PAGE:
Sales for the four-door are down slightly year-over-year.
Toyota will react to shifting industry demand by slowing one of the three Camry production lines at the automaker's Kentucky factory. It's not currently clear exactly how many fewer units of the popular sedan that the plant would build. The change won't result in layoffs for any workers there.
“The auto industry is cyclical, and our normal process is to proactively plan months in advance for volume adjustments,” Toyota spokesperson Rick Hesterberg told Bloomberg.
The Camry is Toyota's strongest selling car in the United States, but sales are still down 6.1 percent year-over-year through November. The company delivered 289,801 of them through that time, versus 353,151 examples of the Rav4 – Toyota's bestselling product in the U.S.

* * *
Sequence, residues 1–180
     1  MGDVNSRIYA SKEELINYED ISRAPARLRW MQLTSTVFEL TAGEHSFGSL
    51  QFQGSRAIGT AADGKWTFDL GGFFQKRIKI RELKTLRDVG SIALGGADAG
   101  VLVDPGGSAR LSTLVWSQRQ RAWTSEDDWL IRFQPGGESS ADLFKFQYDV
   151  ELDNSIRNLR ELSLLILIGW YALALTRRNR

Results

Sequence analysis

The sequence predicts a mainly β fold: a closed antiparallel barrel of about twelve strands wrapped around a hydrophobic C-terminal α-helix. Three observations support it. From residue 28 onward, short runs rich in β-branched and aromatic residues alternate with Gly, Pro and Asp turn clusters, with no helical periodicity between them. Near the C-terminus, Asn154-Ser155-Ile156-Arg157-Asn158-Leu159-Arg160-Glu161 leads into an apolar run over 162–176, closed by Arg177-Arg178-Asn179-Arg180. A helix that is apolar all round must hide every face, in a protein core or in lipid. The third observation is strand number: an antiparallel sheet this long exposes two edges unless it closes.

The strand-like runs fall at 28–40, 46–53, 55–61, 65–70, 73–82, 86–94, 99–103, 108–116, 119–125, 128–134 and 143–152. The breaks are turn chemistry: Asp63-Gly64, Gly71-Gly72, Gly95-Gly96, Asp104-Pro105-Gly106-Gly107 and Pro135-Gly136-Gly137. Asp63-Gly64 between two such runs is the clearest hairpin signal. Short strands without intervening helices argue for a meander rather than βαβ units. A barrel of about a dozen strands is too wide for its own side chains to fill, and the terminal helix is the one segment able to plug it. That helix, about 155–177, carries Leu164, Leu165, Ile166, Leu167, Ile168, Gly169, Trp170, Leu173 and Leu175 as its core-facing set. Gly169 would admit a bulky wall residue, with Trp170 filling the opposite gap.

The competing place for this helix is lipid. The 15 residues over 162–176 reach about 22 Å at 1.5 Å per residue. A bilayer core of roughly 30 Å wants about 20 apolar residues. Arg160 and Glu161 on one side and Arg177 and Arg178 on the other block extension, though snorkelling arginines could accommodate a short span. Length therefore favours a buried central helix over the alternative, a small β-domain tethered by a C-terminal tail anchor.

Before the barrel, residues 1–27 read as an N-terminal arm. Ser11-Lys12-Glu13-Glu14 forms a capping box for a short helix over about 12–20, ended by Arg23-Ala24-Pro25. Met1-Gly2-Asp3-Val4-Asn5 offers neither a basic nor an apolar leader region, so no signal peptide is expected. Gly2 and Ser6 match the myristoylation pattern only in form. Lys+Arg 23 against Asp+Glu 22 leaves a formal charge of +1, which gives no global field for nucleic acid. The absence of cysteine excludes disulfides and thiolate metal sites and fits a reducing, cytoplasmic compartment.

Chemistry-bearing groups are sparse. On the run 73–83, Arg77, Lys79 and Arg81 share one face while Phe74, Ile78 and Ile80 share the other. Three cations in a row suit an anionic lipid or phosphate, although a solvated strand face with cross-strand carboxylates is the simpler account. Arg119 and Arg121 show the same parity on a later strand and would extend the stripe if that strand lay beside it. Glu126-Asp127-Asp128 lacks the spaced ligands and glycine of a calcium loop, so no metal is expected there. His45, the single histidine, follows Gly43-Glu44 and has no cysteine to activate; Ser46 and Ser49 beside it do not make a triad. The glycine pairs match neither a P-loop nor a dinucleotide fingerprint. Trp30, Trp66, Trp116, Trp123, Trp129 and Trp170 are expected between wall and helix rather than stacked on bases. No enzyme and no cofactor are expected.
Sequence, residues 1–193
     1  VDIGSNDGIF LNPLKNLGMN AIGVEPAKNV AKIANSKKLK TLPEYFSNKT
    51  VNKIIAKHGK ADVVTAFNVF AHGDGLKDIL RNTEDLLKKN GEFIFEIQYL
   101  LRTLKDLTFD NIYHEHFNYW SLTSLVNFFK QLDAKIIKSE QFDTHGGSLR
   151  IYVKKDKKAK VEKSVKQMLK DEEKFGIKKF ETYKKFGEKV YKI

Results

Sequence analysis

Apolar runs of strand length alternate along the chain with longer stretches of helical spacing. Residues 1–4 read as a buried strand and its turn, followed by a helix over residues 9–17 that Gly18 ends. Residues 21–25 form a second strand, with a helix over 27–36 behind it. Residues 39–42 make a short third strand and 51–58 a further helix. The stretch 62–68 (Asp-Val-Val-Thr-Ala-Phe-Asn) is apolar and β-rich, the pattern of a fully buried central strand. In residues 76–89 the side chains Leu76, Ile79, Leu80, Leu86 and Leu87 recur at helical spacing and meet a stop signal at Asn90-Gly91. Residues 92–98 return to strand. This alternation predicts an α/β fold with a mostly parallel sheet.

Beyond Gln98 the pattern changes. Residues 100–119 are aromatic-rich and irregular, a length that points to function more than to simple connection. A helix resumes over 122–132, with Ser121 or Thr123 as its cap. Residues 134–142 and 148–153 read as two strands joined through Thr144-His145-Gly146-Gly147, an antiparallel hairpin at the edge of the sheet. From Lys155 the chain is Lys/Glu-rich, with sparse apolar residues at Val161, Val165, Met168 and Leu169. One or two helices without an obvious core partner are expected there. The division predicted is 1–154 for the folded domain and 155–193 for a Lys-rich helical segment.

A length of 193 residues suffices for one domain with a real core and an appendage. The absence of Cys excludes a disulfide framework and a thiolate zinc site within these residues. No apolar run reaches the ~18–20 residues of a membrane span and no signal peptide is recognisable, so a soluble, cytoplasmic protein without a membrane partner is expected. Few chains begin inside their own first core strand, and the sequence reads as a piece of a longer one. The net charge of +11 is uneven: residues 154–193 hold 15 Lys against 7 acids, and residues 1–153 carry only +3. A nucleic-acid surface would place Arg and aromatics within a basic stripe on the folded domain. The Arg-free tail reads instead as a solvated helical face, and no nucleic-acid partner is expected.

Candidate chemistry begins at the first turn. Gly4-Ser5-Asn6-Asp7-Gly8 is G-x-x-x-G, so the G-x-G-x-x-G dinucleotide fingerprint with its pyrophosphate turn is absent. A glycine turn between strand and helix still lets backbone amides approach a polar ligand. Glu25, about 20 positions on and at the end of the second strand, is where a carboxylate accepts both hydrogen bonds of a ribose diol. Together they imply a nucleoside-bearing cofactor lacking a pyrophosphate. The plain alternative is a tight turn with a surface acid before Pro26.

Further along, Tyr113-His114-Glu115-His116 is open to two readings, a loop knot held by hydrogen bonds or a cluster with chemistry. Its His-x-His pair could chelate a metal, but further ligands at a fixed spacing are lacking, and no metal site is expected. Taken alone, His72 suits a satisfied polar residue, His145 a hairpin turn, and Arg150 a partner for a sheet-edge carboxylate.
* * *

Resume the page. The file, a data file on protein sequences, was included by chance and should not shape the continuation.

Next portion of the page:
Toyota also appears to be looking at expanding interest in the Camry with variants like the upcoming TRD model. The sedan gains a more aggressive body kit, including a front splitter, side skirts, decklid spoiler, and rear diffuser. Red accents appear on brake calipers, and the four-door rides on a set of black 19-inch wheels. Additional chassis bracing and a lowered suspension provide a sportier ride. More crimson accents are inside on the seatbelts, shift knob, and floormats. The TRD emblem is embroidered on the headrests. The 3.5-liter V6 continues to make 301 horsepower, but it routes through a new cat-back exhaust.
Toyota execs have recently expressed their willingness to axe future products if necessary. While this dire fate is highly unlikely for the still-successful Camry, it shows that the automaker understands that automotive demand is changing. The model most likely to be on the chopping block is the tiny Yaris because customers seem to love compact crossovers but have little interest in small cars.